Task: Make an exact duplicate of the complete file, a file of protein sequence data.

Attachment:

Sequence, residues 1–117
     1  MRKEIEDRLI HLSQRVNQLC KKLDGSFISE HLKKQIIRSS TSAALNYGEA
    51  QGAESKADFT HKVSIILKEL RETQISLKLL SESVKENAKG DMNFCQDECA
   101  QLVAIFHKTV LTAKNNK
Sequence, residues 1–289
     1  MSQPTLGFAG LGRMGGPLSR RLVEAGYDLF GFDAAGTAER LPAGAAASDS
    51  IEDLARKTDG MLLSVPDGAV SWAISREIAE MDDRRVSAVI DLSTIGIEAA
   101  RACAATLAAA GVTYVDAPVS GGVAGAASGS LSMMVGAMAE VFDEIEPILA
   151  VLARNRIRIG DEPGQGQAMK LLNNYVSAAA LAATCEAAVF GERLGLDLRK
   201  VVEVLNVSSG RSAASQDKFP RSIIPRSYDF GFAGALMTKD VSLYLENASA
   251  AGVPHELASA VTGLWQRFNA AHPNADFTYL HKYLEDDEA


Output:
Sequence, residues 1–117
     1  MRKEIEDRLI HLSQRVNQLC KKLDGSFISE HLKKQIIRSS TSAALNYGEA
    51  QGAESKADFT HKVSIILKEL RETQISLKLL SESVKENAKG DMNFCQDECA
   101  QLVAIFHKTV LTAKNNK
Sequence, residues 1–289
     1  MSQPTLGFAG LGRMGGPLSR RLVEAGYDLF GFDAAGTAER LPAGAAASDS
    51  IEDLARKTDG MLLSVPDGAV SWAISREIAE MDDRRVSAVI DLSTIGIEAA
   101  RACAATLAAA GVTYVDAPVS GGVAGAASGS LSMMVGAMAE VFDEIEPILA
   151  VLARNRIRIG DEPGQGQAMK LLNNYVSAAA LAATCEAAVF GERLGLDLRK
   201  VVEVLNVSSG RSAASQDKFP RSIIPRSYDF GFAGALMTKD VSLYLENASA
   251  AGVPHELASA VTGLWQRFNA AHPNADFTYL HKYLEDDEA